Madhya Pradesh


The marginalised population of Madhya Pradesh (MP) largely depends upon food and nutrition entitlements mandated under The National Food Security Act (NFSA)-2013.

The state of Madhya Pradesh (MP) endowed with rich natural and human capital reels under poverty and backward tag. Despite numerous attractive features, MP, the state of Central India, has not done much improvement in its health and nutrition indicators. With 35.7% children under 5 years of children stunted and Infant Mortality Rate (IMR) as high as 41.3(Source : NFHS 5), MP continues to be one of the bottom five states of the country. 28% married women experience domestic violence. Various studies suggest that there is a direct correlation between gender based violence and poor nutrition outcomes. Also, studies suggest that 1% loss in adult height due to stunting contributes to 1.4% loss in productivity and stunting may reduce IQ by 5-11 points.

Only 39.5% children between 6-8 months receive solid and semi-solid food and breast milk and 9.2% children age 6-23 months receive an adequate diet. 58.1% of women age 15-49 years and 72.7% children 6-59 months are anaemic in the state. Anaemia has bearing on productivity. Eliminating anaemia can increase 5-17% increase in adult productivity. There is a rising obesity among the men and women. 16.6% adult women and 15.6% adult men are obese. Good sanitation, hygiene and safe drinking water have a bearing on good health and nutrition. Strangely, 33.7% households use improved sanitation facility.

The condition of the most marginalised class is the worst they being the most exploited group in the organised sector of economy. Poor socio-economic condition, illiteracy, over-crowded and unhygienic living conditions in the tribal belt populations account for various communicable diseases and underfeeding.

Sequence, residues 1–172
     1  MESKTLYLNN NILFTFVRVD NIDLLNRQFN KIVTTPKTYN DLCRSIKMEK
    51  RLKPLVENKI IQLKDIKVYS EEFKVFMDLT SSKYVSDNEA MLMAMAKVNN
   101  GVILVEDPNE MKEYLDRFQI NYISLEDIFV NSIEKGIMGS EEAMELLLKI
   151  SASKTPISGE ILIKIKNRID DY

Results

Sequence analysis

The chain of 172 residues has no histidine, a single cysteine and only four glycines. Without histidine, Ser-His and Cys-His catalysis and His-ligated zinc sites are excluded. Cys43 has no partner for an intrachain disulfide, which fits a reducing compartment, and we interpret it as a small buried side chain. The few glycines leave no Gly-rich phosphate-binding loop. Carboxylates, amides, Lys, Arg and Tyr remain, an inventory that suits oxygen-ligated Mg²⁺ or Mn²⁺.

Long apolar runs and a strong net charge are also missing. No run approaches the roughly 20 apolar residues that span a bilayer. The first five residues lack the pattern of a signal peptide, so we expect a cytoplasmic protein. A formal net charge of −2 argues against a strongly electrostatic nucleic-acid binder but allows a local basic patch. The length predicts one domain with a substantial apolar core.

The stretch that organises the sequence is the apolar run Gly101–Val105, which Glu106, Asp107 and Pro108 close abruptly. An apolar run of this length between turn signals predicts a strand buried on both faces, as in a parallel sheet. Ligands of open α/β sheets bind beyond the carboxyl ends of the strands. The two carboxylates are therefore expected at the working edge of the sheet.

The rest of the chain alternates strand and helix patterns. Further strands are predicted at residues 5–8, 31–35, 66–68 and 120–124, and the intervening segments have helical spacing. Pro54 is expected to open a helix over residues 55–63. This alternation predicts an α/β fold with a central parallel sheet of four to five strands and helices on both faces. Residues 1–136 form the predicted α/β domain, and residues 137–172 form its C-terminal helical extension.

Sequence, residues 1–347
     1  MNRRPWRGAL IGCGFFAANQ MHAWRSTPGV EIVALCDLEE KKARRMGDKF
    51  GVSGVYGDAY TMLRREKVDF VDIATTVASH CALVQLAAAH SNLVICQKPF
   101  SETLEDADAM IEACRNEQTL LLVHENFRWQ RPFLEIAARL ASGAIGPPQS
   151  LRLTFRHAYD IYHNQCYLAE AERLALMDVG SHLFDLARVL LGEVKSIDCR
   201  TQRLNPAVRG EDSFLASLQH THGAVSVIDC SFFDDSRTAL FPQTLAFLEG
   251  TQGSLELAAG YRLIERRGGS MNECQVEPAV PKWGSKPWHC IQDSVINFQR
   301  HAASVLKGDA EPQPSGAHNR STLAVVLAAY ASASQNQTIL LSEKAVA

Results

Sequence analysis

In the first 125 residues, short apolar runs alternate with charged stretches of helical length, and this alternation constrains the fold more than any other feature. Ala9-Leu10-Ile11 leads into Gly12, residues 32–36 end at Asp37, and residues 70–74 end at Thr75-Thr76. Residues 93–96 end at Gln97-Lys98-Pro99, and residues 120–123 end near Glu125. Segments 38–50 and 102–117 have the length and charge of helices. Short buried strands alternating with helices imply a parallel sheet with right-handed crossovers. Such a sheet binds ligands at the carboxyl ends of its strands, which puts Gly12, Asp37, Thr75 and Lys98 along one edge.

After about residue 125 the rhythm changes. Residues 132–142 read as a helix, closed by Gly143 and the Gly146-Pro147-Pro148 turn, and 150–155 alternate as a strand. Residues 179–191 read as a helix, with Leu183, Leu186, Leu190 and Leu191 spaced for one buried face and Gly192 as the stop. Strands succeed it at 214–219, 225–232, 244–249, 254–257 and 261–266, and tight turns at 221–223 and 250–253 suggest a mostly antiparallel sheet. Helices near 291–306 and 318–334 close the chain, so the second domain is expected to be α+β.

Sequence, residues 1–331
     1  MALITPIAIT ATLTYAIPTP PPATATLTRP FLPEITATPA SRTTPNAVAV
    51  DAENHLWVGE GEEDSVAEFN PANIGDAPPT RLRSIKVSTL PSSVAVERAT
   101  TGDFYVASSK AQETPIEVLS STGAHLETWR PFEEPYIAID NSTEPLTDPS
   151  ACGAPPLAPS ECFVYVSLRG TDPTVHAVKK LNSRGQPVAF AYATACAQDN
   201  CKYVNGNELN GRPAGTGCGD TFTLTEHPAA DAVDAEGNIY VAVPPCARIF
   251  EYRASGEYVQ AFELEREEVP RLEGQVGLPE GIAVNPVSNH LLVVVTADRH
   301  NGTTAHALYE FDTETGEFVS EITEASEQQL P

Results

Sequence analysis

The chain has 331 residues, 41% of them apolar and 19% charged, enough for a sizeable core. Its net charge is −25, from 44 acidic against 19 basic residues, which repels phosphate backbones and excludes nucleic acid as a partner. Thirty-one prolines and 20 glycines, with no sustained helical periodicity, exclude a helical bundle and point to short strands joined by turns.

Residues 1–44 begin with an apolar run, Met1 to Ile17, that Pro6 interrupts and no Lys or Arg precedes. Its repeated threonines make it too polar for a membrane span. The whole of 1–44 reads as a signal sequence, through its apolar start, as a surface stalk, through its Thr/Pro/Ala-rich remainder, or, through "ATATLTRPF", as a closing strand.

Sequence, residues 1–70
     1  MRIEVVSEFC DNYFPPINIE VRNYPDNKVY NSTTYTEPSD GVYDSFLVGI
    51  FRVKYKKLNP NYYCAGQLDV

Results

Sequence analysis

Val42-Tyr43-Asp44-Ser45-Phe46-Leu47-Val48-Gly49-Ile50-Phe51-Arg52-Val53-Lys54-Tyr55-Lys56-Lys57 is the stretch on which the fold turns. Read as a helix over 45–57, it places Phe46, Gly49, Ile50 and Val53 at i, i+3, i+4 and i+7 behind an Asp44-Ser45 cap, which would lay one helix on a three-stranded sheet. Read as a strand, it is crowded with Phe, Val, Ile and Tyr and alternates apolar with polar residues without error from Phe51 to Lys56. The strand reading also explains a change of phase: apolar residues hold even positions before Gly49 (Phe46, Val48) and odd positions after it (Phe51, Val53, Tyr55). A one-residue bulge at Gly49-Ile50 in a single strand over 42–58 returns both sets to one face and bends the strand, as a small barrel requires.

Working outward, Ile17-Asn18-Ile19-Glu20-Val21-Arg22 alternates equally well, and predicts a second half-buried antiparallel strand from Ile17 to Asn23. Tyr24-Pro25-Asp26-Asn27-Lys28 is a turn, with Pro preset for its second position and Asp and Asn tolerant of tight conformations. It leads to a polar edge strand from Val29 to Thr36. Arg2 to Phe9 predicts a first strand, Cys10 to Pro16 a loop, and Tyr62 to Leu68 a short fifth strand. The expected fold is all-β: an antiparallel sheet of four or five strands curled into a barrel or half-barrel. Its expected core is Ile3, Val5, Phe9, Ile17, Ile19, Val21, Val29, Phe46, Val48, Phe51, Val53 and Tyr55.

NFHS 2(98-99) 86.1 51.0
(0 to 35 months)
Children 6-35 months: 75
Women: 54.3
NFHS 3(05-06) 69 50
(under 5 children)
Children 6-59 months: 74
Women: 55.9
NFHS 4(15-16) 51 42
(under 5 children)
Children 6-59 months: 68.9
Women: 52.5
NFHS 5 41.3 37.5
(under 5 children)
Children 6-59 months: 72.7
Women: 58.1

(Source : NFHS)

Good nutrition is essential for healthy immune system, higher order cognitive ability, growth and productivity and in achieving demographic dividend. Madhya Pradesh’s perpetual poverty and inequity can be attributed to its malnutrition and food insecurity.

The State Chapter will engage in evidence based advocacy by taking up action research programs, sustained membership engagement in the state and strengthen the overall knowledge management activity of the Coalition by regularly sharing the state level information, evidences and data with the head quarter. In addition to this, Coalition will strategically engage in social behaviour change communication activities that can increase healthy food and nutrition behaviour. Further, the past BCG Strategy and Coalition Strategy 2017-21 outlines the plan for state level interventions to cater to state-specific needs. A preliminary assessment suggests that MP State Chapter which is be supported by the Nutrition International in the initial years will leverage resources from various funding agencies in the coming years. Thus the establishment of a state chapter in MP as an autonomous body engage in state level evidence based advocacy, sustained membership engagement and knowledge management is very strategic.

Based on the findings from the evidence, technical and research studies, the CFNS and the potential partners will jointly work to take the Coalition agenda forward. In order to expand and catalyse the actions, the multi-stakeholder platforms at state and district level will work on revitalizing coordination and convergence mechanisms at sector, village and local governance level for a better impact delivery of nutritious foods.